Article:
Rougemont : The column that Venice was missing
Rougemont has planted his columns all around the world; he took over the façade of the Paris Museum of Modern Art in 1974, dressing its pillars in coloured masks, he rhythmed the banks of the Seine in 1975 for the “open air sculpture museum” on quai Saint-Bernard between Pont de Sully and Pont d’Austerlitz. In Venice he could have once again considered the banks of the canals, the waterside, wanted to be seen from the boats.
On the contrary, this year he chose the secret of the inner courtyard of Palazzo Contarini-Polignac, the high culture residence next to the Ponte dell’Accademia. As wanted by Winaretta Singer-Polignac, this embassy of art and France has always welcomed artists, writers, musicians…Rougemont knows this. He is not impressed by the palazzo: it is like his holiday home in Venice and he enjoys coming here. He wanted to respond to its architecture with a column whose proportions are in harmony with this massive cube and its perfection, which already charmed Ruskin and inspired Gabriel Fauré and Reynaldo Hahn. The inside courtyard of Palazzo Polignac in the 20th century deserved to be called, like Piazza San Marco, the “drawing room of Europe” – but it remained secret, today it is opening.
When the two most famous columns in the world, the column of Saint Theodore killing his crocodile-shaped dragon and the Lion one arrived in Venice in 1172, the story of a third monument, a lost marble, immediately emerged. A column lost on the way, fallen during disembarkation, forgotten in the Greek islands, there are many versions of this Venetian legend; if the Venetians don’t like to walk between the two columns of Piazza San Marco, it is because of the public executions that took place there, but also because they know there was a third column, never erected elsewhere than in stories and conversations. Here it is, “the doge’s column”, hidden by Guy de Rougemont at the centre of this building which seems to have been built around it – a game of mirrors. The vanished column found, salvaged from the Venice lagoon, throws its shadow: it marks the artists’ time, like the gnomon of a sun dial.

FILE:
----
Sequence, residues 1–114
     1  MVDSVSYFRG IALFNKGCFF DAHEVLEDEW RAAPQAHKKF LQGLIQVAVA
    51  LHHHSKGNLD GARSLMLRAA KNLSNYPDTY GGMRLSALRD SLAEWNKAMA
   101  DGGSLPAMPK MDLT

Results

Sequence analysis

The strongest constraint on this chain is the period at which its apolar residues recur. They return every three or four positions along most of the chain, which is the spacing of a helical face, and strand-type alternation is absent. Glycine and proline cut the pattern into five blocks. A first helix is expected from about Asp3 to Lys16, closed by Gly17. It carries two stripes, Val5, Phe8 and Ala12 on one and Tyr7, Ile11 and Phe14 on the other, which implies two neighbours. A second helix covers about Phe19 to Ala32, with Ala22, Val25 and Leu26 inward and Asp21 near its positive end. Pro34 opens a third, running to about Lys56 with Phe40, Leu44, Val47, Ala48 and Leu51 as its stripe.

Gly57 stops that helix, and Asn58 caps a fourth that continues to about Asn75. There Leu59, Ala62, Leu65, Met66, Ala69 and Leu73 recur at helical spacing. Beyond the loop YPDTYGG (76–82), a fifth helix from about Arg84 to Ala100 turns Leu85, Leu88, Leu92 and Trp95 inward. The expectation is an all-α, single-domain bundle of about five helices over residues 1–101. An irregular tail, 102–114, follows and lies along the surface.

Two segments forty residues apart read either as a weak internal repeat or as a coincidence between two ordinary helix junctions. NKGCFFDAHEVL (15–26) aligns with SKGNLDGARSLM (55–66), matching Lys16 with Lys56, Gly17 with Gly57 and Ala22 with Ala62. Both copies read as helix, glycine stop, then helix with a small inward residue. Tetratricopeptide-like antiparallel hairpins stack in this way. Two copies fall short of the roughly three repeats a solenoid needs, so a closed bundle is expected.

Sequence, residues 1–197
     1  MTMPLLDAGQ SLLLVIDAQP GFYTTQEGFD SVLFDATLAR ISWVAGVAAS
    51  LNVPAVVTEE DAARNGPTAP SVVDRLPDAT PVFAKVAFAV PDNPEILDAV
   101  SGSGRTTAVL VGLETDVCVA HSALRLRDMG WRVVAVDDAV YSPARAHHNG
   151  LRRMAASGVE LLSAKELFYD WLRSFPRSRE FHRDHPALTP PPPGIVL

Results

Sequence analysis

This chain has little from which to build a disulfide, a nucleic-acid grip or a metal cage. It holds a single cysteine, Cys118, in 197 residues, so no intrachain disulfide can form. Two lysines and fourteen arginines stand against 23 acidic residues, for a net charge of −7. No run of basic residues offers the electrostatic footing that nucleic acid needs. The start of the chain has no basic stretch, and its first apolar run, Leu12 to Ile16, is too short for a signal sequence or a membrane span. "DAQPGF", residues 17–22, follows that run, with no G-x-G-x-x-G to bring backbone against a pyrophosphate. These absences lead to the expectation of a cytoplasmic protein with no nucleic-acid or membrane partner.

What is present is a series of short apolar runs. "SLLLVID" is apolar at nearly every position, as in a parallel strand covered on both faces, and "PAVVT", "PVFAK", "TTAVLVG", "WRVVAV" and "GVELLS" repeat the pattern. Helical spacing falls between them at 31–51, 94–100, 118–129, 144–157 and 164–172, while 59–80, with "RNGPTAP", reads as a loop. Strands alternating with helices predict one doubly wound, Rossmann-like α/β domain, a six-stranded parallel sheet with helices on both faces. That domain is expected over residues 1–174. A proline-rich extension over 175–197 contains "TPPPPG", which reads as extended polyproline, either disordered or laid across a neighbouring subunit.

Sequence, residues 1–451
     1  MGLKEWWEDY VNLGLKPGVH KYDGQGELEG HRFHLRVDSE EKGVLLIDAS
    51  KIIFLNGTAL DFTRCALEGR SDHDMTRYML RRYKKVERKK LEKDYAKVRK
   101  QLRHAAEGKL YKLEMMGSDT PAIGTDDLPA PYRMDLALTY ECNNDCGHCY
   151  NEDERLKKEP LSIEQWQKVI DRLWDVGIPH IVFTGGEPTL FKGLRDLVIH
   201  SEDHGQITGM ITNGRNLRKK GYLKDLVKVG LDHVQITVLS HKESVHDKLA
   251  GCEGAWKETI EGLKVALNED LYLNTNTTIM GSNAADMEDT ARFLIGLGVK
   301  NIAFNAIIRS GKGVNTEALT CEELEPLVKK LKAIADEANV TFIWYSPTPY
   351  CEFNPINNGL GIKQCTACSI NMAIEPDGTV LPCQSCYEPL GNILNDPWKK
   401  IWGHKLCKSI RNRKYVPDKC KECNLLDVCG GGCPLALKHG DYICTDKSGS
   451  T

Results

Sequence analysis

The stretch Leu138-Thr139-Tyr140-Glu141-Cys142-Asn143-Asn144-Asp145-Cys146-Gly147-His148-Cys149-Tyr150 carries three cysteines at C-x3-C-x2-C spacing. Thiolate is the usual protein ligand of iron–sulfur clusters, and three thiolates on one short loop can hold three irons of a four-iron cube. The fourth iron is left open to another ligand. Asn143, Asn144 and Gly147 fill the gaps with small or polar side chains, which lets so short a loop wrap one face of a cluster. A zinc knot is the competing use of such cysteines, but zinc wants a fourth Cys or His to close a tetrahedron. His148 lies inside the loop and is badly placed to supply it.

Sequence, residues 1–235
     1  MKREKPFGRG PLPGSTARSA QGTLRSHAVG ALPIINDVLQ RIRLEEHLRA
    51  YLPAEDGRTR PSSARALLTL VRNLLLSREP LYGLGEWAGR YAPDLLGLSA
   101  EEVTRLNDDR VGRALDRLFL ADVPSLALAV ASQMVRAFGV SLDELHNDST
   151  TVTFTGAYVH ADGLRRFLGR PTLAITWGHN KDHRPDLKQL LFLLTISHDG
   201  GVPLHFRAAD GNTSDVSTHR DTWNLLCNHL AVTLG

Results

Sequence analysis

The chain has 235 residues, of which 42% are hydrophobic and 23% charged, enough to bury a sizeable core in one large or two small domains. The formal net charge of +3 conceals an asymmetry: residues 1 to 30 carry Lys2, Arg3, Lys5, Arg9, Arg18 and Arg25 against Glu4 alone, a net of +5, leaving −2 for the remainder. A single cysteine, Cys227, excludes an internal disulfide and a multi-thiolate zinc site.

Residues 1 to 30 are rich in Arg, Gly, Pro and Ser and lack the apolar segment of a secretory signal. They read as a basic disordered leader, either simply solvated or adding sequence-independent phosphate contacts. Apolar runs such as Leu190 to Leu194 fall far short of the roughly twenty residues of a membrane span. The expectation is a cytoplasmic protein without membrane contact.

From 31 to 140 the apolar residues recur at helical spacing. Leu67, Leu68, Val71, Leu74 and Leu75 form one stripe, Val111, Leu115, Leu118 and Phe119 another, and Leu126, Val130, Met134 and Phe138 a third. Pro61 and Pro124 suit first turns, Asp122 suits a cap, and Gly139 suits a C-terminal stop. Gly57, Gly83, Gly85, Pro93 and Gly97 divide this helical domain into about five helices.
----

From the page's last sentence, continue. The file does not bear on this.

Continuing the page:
Of Rimbaud’s “colour stakes” from the famous line in the Drunken Boat, Rougemont, who came here in a dark gondola, retained the range of colours. The palazzo’s façade is one of the large coloured surfaces of the Grand Canal and one of the most beautifully faded, with its marbles and bricks, its tiled roof, its porphyry cabochon. Rougemont doesn’t echo them, he chose red and orange for the top part of the totem, dark triangles and diamonds on a white background in the middle, the green and yellow movement of the stakes that line the canal for the base. Manet painted these stakes striped in pure colours. From the other bank, Monet painted the volume and reflections of Palazzo Polignac several times. Has Rougemont really looked at these two inspirations? To paint Venice, you must be able to escape. He saw, understood, forgot them. This Rougemont column was found in his work: it tells us about the artist’s archeology, exposes the buried strata of his creation and erects his totem like a trophy. He meditated it all in secret, before letting the public in – an essential dimension of the artist who dared to place his works on the side of autoroutes and on the esplanade of the Orsay Museum.
Rougemont, the innovator, loves classic art and dares to show it. At his last Paris exhibition, he showed large “museum formats”, using a very apt word to describe them with an ogre’s appetite: “my Sardanapalus”. The large Delacroix in the Louvre has obsessed him since childhood. Here, in front of this totem, object, sculpture, furniture item, painting, shadow and drawing at the same time, impossible not to mention another, less famous Delacroix, The Execution of Doge Marino Faliero, in London at the Wallace Collection. The large staircase of the Doges’ palace appears in white, the executioner’s profile stands out, the traitor’s head rolls in its blood. An in camera event in the midst of spectators. Within the palace, behind the walls, a drama unfolds, the most terrible in the history of the Most Serene Republic of Venice, but within the rules of a solid geometric construction. Rougemont’s column in the courtyard of Palazzo Polignac plays the role of the marble staircase of the doges’ palace in Delacroix: it structures the work, gives it force and mystery. From now on, for him, it will be a reference, a daymark for the sailor, an anchor-point at the centre of a beloved house.